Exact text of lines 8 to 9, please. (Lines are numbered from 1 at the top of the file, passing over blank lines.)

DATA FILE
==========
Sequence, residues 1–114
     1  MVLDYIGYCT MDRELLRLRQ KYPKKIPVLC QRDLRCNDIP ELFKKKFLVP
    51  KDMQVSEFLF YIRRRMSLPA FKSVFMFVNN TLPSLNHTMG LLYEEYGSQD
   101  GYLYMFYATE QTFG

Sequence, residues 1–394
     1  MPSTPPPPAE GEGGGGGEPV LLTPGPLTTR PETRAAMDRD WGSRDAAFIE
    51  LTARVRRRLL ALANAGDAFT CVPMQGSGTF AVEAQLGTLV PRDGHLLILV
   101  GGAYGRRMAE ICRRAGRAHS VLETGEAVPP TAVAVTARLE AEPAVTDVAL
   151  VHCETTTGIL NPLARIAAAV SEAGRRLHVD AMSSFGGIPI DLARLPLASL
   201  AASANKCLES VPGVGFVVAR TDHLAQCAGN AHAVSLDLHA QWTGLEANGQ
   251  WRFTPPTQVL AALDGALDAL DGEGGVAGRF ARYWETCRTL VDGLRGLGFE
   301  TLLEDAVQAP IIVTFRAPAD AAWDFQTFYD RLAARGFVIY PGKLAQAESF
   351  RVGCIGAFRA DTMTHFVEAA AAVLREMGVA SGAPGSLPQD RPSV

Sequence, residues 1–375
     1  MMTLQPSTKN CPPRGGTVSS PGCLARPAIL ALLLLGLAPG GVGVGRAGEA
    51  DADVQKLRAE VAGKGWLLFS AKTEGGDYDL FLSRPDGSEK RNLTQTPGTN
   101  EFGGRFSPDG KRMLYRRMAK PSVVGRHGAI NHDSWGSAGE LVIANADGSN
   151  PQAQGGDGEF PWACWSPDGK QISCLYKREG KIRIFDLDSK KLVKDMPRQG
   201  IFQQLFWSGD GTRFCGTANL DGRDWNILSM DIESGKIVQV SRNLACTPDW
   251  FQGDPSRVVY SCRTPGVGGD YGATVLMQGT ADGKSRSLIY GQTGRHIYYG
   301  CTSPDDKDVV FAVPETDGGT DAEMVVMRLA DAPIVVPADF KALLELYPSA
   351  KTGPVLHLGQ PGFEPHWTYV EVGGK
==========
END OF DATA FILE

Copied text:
   101  GGAYGRRMAE ICRRAGRAHS VLETGEAVPP TAVAVTARLE AEPAVTDVAL
   151  VHCETTTGIL NPLARIAAAV SEAGRRLHVD AMSSFGGIPI DLARLPLASL